Adventures in Mesoamerica: Maya Blue Paint

A little bit ago, I discovered a pigment while window-shopping at Kremer Pigments‘ website and, well, I fell down the rabbit hole pretty hard. The colour had a couple of shades of a greyish, almost smoky blue, ranging from dark to light, and to find out that it was used in not only Mesoamerican stonework, but also as a part of a couple of Mesoamerican codices (the Florentine Codex and the Maya Codex of Mexico, which dates to the 13th century CE and is the oldest surviving Mesoamerican codex). I hit the rabbit hole hard. What I especially love is that this is a paint that was used by both the Maya and the Aztec, which means a ton of applications for New World personae.

Maya blue pigment is made by taking indigo dye made from añil (Indigofera suffruticosa) – known as xiuhquilitl in Náhuatl, wild indigo that is native to the subtropical and tropical Americas, including the southern United States, the Caribbean, Mexico, Central America, and South America as far south as northern Argentina, and palygorskite (magnesium aluminium phyllosilicate) clay soils, which is found in much of the Southern United States and more importantly in small pockets on the Yucatán peninsula in Mexico (these small pockets are tied to the use by the Maya and Aztec in period). Once the dye and clay are combined, it is then heat-treated (it is thought that within SCA period that this was a large part of the Maya rituals involving human sacrifice). One of the biggest things with Maya blue is its longevity and stability as a pigment. (and here’s an article from MIT on why Maya blue is so stable! It’s fascinating!)

Thankfully, I can now get Maya blue with none of the ethical concerns of human sacrifice, and after saving up, I ended up with a small bottle of the stuff. The pigment that I picked up is a lovely dark shade of a blue-grey, which is definitely a bit darker than other variations. It’s a little on the grainy side, which I suspect is due to the palygorskite clay, however, this in no way affected my ability to mix it up with a commercial gouache binder (Schmincke Ready-to-Use Gouache Binder is wonderful stuff and it saves me time in making my own binder from gum arabic, honey, and water – it’s definitely a “close enough” recipe for my liking.)

Anyway, it mixes up well with binder, though it absorbs a binder quite a bit. The colour is a smoky blue-grey, similar, though different from the straight indigo that I’ve also mixed up on a previous paint-making day. It didn’t take too long to mix up, a huge contrast with azurite, which, while also a blue, is derived from weathered copper ore deposits. (I once spent nearly an hour trying to mix azurite and it just. . . yeah, it’s not my favourite pigment to work with.) Unlike azurite, the longer one mulls Maya blue, it stays pretty stable and will not shift colour. Azurite will eventually go clear with enough grinding and mulling.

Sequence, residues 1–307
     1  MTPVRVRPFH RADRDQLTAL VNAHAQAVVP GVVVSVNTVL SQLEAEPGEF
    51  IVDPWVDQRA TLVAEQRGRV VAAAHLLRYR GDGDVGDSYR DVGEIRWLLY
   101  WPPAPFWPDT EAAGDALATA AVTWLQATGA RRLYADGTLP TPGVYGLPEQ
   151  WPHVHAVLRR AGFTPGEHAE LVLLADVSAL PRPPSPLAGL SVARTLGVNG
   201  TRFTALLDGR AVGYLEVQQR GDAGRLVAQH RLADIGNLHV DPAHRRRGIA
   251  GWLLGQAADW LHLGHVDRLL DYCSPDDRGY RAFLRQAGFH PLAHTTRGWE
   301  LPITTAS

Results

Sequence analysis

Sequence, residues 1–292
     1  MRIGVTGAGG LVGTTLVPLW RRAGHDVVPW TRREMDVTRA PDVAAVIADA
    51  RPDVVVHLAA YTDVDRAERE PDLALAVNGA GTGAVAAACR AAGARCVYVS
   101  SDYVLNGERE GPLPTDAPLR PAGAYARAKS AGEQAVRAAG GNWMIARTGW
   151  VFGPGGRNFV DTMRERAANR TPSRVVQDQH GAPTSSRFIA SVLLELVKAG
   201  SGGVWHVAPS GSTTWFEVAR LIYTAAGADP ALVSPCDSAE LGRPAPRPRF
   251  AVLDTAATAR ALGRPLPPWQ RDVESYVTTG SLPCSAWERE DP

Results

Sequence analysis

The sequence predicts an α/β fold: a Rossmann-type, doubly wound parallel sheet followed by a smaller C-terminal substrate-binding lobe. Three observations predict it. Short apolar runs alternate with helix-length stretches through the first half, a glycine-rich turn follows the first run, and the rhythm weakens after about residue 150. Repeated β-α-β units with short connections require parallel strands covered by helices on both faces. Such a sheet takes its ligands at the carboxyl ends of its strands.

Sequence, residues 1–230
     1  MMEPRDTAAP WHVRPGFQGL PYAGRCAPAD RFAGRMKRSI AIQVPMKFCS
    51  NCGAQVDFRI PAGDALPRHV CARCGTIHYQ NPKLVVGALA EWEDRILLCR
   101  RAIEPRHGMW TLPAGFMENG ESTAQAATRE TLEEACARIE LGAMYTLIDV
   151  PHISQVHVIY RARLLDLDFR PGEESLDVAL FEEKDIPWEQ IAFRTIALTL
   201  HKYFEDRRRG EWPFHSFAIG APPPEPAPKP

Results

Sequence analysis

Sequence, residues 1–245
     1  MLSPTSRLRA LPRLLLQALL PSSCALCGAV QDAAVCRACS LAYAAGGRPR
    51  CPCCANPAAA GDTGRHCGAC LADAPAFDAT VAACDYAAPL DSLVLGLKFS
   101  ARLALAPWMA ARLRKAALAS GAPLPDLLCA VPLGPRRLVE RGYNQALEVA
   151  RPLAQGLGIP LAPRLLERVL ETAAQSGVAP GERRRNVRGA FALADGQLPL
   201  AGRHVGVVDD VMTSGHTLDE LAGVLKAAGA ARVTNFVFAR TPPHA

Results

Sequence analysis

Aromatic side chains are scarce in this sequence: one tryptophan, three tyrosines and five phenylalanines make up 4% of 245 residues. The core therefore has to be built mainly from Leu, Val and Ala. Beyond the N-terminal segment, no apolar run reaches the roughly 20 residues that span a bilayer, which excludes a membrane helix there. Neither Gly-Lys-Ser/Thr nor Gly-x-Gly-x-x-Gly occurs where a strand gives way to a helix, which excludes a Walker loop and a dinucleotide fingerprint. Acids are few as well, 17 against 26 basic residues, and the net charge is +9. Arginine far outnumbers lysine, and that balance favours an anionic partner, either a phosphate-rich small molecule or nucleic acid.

Maya blue all mixed up. You can see exactly how dark it is, but it will lighten a bit after drying.

Quick detour here on the difference between dyes and paints, because I’ve been asked about them in the recent past. Both rely on pigments, however, how dyes and paints transform an object is different. Dyes are usually made from dye molecules suspended in a solvent (like alcohol or water), whereas paint is made from pigments suspended in a binder. It is possible to use a dye (like indigo, cochineal, or madder) to create a pigment, but it requires the use of a process called “laking.” This is the process of creating a water-insoluble pigment for painting from a water-soluble organic dye, and is only possible with dyes that work with a mordant. One fairly historically famous lake pigment in Europe (used by Swedish peasant painters) is schijt yellow, which was made from buckthorn berries. (And yes, it is exactly the same colour as used diapers, so the name is quite descriptive).

Anyway, back to Maya blue.

So, once I got things all mixed up to my liking, I did a test swatch, and it’s definitely not like the lighter Maya blues out there (which are closer to sky blues). It does have a lot of transparency, and I think if I watered this down enough, it’s going to be a great addition to my period paint arsenal. I’m definitely also going to have to order some of the lighter Maya blues that are out there to get the brilliant turquoise of the central American sky, but for this run, I’m pretty happy. (This is where I need someone to have a Mesoamerican persona and to let me do a full scroll in that style with period pigments – hematite reds, Maya blue, lamp blacks, and browns derived from cochineal on amate paper.)

So, yeah, I’m really pleased with this, and I’m excited to use it on a scroll, because the blue really is so very lovely.

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